You're a property owner or leaser and have a space to rent — an apartment, a house, or an extra bedroom. Your rental property can be an amazing investment and a sizable source of income, and finding tenants is a key part of your success. Thankfully, you don't have to be an experienced property manager or hire a property management company to find the perfect renters for your space.
After spending so much time creating an amazing space (see the below property in San Francisco), it's time to find quality tenants who will take care of your property and pay bills on time.
Where to Post
Years ago, you could find potential tenants by submitting an ad that included your rental property and phone number in the newspaper. As the world becomes more digital, posting online makes getting new tenants much easier. While there are dozens of websites that help with this, here's a list of the most popular websites, including some that provide support with tenant screening, credit checks, and collecting payments.
Like the digital version of newspaper classifieds, Craigslist is great because you can find anything on there, and it's free. However, Craigslist is also challenging because you can find anything on there. Also, anyone can post anything, which means your real property may have to compete with properties that are actually scams. Additionally, there’s no screening for prospective tenants on Craigslist, so you will have to spend more time to find potential renters who are the perfect match.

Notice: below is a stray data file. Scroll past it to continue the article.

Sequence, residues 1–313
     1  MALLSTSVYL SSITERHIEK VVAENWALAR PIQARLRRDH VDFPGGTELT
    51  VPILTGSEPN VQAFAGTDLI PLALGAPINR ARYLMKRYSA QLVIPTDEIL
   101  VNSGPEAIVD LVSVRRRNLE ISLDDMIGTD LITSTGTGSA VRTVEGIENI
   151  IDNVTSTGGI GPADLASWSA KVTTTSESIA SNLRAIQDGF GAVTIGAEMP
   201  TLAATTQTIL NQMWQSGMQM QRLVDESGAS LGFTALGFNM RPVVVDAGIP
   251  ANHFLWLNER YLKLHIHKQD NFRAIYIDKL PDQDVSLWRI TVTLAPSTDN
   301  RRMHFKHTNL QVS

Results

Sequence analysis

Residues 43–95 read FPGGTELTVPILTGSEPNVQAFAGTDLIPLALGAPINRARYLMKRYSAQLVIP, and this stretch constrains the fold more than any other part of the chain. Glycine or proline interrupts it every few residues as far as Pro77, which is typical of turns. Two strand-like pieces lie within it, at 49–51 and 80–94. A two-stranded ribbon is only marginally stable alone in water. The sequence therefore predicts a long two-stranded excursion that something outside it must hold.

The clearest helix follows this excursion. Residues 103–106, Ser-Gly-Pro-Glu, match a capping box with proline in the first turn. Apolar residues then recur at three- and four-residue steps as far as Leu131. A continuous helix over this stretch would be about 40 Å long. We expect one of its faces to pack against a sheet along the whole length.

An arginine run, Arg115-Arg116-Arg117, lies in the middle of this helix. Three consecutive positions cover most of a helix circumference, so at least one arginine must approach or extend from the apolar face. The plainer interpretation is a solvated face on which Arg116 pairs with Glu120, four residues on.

Kopa is a marketplace specializing in furnished rentals for 1-12+ months. Kopa makes finding good tenants easier by requiring a rental application that includes proof of employment and income, as well as eviction history, smoking habits, and pet information. Kopa allows previous landlords to write reviews of each tenant, so you can see references all in one space. Landlords only pay a fee when they get new tenants from Kopa, and renters send all payments, including their security deposit and all monthly rent payments through the website for easier bookkeeping.
Furnished Finder specializes in sourcing furnished housing for traveling medical professionals. The service costs $100/year to list your property, but you're not guaranteed any bookings for that fee. Furnished Finder partnered with Cozy, a background check company, to verify tenants and notify you of any eviction history. Since Furnished Finder doesn't allow you to collect payments through the website, you'll have to do that via Cozy or another method.
Popular real estate website Zillow is free to post on for landlords who have just a few properties. When you post your property on Zillow, your listing will also appear on Trulia and HotPads. The downside of Zillow is that you'll be competing with large property management companies who pay for their listings to appear at the top of search results, so tenants will have to scroll through many website pages to find your listing.
Apartments.com is the most visited rental property website in the United States and is free to use for people with just a few properties. When you post your property, it's automatically posted on ForRent.com, Apartment Finder, and apartmenthomeliving. Like Zillow, your listing will appear below all the sponsored listings. These websites don't conduct any tenant screening, help with background checks, or enable you to receive payments through them.